COVID-19 Mental Health Awareness
Are You an Over-responder or Under-responder?
Mental health awareness guest blog post by Adele Fox, Psychologist
In these current uncertain times, people will either under-respond or over-respond, neither of which is productive or healthy. Knowing your type will enable you to shift in some of the ways you are thinking and behaving to increase your well-being during this crisis.
Under-responders are those individuals who dismiss the current risks and believe the crisis to be exaggerated. A person who under-responds will be less likely to manage their hygiene, adhere to social distancing guidelines, and thus may contribute to the spread of Covid-19.
Over-responders will become increasingly anxious about Covid-19 and will overthink worst case scenarios, misinterpret their physical status, needlessly wear protective masks, hoard items, and be consumed with media information. Over-responders can fuel their own and other’s fear leading to increased stress and strain on ourselves and the system.
Mental health awareness: responding wisely
In order to mitigate from being an over or under-responder the following is recommended:
1) Limit the amount of social media you expose yourself to.
2) Ensure that you are consulting reputable sources for evidence-based information.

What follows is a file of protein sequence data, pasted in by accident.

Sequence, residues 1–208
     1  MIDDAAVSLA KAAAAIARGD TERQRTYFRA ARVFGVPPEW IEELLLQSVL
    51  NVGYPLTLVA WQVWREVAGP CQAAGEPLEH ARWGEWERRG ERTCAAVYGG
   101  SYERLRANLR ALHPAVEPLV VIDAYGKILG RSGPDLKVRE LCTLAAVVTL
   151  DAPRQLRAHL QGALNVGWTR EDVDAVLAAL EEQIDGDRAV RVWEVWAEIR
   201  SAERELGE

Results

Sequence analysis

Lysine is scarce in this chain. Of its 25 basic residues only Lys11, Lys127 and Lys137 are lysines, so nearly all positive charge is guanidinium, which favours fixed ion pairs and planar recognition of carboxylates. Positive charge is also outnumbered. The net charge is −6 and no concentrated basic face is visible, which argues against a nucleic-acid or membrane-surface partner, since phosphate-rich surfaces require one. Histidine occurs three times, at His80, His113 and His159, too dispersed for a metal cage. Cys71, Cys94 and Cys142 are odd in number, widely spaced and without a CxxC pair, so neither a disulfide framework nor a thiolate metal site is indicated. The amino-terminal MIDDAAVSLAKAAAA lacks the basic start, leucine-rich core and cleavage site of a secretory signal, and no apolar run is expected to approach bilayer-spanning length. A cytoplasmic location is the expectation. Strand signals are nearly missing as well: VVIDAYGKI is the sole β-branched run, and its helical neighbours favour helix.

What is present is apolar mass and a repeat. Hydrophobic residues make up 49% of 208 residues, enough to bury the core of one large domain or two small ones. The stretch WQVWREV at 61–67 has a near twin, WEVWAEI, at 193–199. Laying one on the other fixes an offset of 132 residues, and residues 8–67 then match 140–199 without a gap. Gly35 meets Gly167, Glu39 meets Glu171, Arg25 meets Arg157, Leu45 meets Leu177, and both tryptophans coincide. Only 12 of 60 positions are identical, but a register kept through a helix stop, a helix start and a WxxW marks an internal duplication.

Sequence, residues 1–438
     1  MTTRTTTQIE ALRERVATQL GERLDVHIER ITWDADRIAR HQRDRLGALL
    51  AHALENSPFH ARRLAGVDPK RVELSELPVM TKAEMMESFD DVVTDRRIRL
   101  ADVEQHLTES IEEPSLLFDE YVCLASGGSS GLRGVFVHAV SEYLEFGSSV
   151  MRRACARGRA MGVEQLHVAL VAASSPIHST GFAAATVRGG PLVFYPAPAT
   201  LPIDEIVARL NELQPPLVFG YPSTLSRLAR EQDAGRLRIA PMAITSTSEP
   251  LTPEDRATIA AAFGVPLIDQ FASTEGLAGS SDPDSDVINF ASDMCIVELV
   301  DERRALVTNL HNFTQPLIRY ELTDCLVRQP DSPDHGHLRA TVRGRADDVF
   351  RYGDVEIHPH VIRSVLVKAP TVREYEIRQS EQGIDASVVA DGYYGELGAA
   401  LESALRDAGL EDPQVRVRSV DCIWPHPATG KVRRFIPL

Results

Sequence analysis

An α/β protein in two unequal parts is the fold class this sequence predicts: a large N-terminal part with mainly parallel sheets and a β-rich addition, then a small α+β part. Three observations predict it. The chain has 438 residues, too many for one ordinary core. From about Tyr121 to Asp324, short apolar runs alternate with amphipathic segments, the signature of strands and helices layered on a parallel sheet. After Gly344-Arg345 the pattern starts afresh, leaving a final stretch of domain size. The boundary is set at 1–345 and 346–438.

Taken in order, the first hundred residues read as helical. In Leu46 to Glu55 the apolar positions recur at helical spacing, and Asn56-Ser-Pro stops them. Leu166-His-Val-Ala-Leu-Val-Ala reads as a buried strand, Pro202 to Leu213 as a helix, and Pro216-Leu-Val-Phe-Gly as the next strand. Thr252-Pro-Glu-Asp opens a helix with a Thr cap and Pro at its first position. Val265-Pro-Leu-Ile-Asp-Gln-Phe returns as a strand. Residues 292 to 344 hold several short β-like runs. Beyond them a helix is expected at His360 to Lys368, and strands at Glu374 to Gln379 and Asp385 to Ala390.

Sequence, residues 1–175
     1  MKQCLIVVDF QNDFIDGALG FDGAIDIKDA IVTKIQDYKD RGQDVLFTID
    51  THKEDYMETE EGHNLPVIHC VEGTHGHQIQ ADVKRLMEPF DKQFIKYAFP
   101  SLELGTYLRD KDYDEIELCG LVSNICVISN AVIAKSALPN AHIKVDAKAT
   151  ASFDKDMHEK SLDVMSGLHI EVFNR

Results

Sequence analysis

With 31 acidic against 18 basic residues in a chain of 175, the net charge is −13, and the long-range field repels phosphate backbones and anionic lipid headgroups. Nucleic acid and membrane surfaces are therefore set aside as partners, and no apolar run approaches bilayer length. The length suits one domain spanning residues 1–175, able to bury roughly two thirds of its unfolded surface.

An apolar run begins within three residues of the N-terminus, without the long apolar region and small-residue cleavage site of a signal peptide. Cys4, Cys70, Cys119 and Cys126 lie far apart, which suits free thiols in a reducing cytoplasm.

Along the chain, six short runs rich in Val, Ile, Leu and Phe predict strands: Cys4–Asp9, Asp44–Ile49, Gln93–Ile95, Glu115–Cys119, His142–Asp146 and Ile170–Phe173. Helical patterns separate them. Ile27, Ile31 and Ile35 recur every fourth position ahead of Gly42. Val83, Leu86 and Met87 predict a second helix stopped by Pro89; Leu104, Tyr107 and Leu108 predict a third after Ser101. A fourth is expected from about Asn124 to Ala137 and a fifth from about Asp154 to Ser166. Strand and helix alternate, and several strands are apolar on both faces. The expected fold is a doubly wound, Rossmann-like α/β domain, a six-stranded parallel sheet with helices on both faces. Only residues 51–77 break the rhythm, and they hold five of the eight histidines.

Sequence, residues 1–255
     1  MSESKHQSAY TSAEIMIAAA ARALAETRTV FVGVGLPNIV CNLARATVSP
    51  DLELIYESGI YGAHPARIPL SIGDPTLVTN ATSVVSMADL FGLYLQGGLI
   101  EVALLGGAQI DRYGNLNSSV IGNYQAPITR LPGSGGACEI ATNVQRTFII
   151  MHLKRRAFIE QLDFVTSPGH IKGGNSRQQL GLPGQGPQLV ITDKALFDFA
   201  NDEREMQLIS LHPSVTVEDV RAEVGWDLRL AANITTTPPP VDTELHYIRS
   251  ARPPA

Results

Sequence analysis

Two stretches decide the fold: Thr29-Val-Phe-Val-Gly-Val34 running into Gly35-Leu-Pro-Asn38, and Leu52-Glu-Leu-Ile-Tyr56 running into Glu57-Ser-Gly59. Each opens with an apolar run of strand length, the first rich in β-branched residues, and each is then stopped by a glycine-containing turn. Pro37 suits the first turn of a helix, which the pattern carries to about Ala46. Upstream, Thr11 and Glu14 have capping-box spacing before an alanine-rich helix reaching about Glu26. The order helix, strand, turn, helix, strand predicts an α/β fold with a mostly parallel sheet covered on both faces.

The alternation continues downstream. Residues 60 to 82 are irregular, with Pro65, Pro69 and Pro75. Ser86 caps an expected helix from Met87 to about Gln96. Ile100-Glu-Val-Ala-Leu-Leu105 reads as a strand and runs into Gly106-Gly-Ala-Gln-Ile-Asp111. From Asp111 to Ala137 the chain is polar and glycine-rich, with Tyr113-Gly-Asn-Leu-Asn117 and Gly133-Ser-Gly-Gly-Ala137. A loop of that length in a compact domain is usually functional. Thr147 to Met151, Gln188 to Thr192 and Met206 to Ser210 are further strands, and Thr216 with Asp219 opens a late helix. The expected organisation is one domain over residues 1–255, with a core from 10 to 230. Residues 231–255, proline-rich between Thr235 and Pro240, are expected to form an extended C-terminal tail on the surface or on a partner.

3) Reduce the amount you discuss Covid with others and if talking about it, focus on what is known, not contribute to discussions about the unknown and catastrophizing.
4) Focus on what is within your control that contributes positively to your day or that of others.
5) Maintain a balanced perspective, reminding yourself that the world and people have survived through many difficult times and will continue to do so.
6) If you have children, manage your adult conversations and language regarding Covid-19, and role model health coping skills. Children are watching how you are responding to this.
7) If possible, seek out professional support via video or phone meetings. Just being able to talk to someone that is not in your immediate family can assist in your ability to cope. It’s also an opportunity to learn new stress management skills that you may not be aware of, or develop a greater understanding of yourself!
We have the ability to regulate our level of emotional experience and stress levels. Putting energy into what we have the ability to impact/control in positive ways, and reducing negative overthinking can enable us to navigate this with as little suffering as possible.
Top 25 apps for mental health for 2020
If you are looking for some additional mental health awareness and support here are the top 25 apps for mental health as recommended by PSYCOM: Best mental health awareness and support apps
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Psychologist Adele Fox and her team provide comprehensive services spanning assessment, treatment and/or support for a range of mental health needs at any age. Specializing in a range of mental health needs, they will help you recognize your blind spots and stretch into more of your inherent abilities. Video, office and phone appointment available (daytime, evening, weekday and weekend availability). For more information visit: www.adelefox.com